Rep. David McKinley, R-W.Va., expressed deep disappointment that a House and Senate conference committee did not keep his plan to treat coal ash as a non-hazardous waste as part of the Transportation Bill.
“While I respect the democratic process, removing the House-passed amendment unfortunately sends two messages,” McKinley said in a June 27 news release.
“The first is that citizens living in the vicinity of coal ash impoundments will not have the new EPA safeguards provided in the bill and they will continue to be exposed to health and environmental issues they have been experiencing for the past thirty or more years. The second message regarding removal of the coal ash provision is the loss of hundreds of thousands of construction jobs because of the increased cost of concrete and the additional loss of 316,000 jobs related to the beneficial recycling of coal ash into both construction and consumer goods,” McKinley said.
Neither McKinley’s coal ash provision, nor a provision that would affect permitting of the Keystone pipeline, were included in the final bill.
In the Senate, the Bicameral Transportation Conference Report drew praise from Sen. Barbara Boxer, D-Calif., and Sen. James Inhofe, R-Calif. Boxer is the chairman and Inhofe is the ranking Republican member of the Senate Environment and Public Works Committee. Boxer said the bill would create millions of jobs. Inhofe said that the transportation package streamlines and simplifies many transportation programs.
The coal ash bill, H.R. 2273, originally passed the House in October 2011 but the Senate failed to take action on the issue. On April 18 of this year, the House passed the coal ash amendment within the Surface Transportation Extension Act.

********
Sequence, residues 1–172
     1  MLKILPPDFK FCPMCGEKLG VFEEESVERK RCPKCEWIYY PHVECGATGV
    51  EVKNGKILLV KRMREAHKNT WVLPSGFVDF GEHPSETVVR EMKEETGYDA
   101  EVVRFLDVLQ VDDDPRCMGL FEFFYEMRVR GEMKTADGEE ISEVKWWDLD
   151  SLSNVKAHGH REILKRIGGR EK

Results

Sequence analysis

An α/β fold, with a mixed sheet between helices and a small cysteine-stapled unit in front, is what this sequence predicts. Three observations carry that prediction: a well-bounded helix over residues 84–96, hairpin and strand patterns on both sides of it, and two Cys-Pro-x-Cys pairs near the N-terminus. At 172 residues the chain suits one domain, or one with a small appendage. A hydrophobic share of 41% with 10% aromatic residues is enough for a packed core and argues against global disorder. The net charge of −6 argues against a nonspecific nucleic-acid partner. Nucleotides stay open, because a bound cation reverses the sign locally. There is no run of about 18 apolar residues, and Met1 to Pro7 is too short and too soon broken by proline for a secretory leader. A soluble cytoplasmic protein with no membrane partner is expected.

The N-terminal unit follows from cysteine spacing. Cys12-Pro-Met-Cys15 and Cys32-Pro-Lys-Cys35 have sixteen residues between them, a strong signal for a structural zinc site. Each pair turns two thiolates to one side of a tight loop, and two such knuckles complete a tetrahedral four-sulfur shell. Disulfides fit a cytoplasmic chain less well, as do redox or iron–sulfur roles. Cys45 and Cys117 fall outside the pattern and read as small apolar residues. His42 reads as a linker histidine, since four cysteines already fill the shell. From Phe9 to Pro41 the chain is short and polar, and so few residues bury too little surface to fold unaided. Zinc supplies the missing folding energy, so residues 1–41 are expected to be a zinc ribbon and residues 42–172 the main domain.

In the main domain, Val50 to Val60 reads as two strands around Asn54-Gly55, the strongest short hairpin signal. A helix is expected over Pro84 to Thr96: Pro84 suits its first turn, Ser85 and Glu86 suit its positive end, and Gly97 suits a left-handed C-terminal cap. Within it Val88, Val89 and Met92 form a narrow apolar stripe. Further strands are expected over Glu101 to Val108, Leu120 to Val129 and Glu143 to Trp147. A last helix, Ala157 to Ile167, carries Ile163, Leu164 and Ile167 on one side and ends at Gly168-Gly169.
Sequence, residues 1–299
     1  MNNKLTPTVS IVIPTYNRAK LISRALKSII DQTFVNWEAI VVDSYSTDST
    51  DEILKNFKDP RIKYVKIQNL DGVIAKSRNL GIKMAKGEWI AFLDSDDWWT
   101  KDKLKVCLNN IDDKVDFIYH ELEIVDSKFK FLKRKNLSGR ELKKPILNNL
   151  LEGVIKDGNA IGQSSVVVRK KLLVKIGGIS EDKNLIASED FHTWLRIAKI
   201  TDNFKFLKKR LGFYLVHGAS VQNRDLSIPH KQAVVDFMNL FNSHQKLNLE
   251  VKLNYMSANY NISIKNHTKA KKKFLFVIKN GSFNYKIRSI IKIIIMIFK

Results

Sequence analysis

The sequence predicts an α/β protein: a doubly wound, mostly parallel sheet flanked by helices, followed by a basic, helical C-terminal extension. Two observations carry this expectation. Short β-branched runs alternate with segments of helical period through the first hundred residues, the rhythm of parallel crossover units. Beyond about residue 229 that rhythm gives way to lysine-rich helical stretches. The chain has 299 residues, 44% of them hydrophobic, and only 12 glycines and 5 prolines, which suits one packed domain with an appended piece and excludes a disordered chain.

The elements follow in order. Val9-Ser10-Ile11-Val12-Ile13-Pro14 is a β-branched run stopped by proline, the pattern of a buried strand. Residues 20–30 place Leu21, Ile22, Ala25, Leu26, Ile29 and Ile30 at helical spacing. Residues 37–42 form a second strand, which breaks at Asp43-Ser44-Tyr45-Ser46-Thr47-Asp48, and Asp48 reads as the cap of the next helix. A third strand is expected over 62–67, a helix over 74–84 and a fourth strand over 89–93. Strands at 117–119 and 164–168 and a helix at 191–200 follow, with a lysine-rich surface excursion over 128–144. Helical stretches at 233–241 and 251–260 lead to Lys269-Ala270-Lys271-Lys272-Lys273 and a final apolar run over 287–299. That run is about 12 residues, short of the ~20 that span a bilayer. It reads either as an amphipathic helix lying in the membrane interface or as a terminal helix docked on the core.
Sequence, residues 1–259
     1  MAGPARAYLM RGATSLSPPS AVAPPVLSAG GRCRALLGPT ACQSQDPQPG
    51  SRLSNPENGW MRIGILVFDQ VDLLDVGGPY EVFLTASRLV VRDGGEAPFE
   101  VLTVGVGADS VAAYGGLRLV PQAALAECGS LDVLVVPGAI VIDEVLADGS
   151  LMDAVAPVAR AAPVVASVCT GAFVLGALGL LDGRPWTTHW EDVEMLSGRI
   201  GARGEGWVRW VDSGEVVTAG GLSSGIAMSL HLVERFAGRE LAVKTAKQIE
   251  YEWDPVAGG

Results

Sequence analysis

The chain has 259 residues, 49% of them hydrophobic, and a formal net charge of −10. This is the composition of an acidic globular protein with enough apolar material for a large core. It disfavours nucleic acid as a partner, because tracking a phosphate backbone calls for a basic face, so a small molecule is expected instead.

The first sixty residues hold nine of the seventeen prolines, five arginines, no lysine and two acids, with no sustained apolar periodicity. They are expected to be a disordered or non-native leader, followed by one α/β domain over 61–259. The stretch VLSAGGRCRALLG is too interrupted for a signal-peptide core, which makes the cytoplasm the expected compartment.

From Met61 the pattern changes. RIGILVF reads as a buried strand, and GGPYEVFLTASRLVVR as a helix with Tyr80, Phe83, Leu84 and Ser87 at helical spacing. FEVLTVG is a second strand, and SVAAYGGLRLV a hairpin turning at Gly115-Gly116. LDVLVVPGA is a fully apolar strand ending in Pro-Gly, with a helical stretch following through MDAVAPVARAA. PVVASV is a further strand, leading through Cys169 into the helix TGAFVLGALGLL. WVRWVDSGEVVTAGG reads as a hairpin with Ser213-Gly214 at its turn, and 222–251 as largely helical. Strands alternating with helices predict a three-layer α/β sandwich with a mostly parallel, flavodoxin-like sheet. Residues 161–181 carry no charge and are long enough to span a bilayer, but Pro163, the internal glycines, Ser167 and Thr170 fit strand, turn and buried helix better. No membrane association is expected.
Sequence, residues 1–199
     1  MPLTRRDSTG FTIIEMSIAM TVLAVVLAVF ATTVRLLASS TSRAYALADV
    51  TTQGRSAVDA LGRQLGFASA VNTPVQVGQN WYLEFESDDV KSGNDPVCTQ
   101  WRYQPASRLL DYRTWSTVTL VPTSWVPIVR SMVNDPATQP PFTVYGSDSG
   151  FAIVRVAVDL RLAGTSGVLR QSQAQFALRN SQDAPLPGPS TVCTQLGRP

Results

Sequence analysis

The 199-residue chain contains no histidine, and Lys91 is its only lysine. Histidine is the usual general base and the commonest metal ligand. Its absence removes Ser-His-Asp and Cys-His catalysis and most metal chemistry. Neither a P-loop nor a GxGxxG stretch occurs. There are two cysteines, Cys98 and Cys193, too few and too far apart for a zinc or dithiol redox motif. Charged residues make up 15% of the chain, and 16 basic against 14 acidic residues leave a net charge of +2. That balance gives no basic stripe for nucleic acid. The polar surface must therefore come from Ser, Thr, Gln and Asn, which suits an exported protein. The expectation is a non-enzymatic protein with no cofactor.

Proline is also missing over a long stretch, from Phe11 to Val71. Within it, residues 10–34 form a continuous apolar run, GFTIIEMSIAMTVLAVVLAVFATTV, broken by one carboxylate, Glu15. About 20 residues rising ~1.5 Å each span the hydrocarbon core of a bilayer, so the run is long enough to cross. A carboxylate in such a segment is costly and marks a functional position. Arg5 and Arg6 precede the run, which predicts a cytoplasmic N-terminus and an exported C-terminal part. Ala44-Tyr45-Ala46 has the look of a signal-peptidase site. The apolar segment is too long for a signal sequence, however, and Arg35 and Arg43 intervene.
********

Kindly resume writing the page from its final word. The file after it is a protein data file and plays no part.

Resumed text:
Officials connected with the American Coal Ash Association have liked the bill, which would remove the potential stigma of having coal ash seen as a toxic waste. At the same time the plan would have provided for EPA oversight of the coal waste.
“We are disappointed that Congress is not taking the threat posed by potential over-reaching regulation of CCP [coal combustion product] disposal seriously,” American Coal Ash Association Executive Director Thomas Adams said June 28.
“As documented by the American Road and Transportation Builders in their 2011 study, the use of fly ash in concrete is valued at over $100 billion over the next 20 years,” Adams said. “Transportation funding is already stretched thin. Congress had the opportunity to act to avoid this expense and appears to be indifferent.”
Adams said ACAA will continue to work with EPA on the issue.
Rep. McKinley also said the coal ash bill had the support of the United Mine Workers of America, which represents thousands of coal miners nationwide, as well as various other trade unions.
The debate over how the federal government should oversee this material has been going on for years and the ACAA thought it had the matter settled during the Clinton Administration. But the issue was revived in the aftermath of the failure of a Tennessee Valley Authority (TVA) ash impoundment at its Kingston coal plant in December 2008, which dumped massive amounts of ash in the local watershed.
Coal ash recyclers have recently been hurt by both the specter of EPA regulation as a hazardous waste and by the fact coal is losing market share to natural gas when it comes to power generation.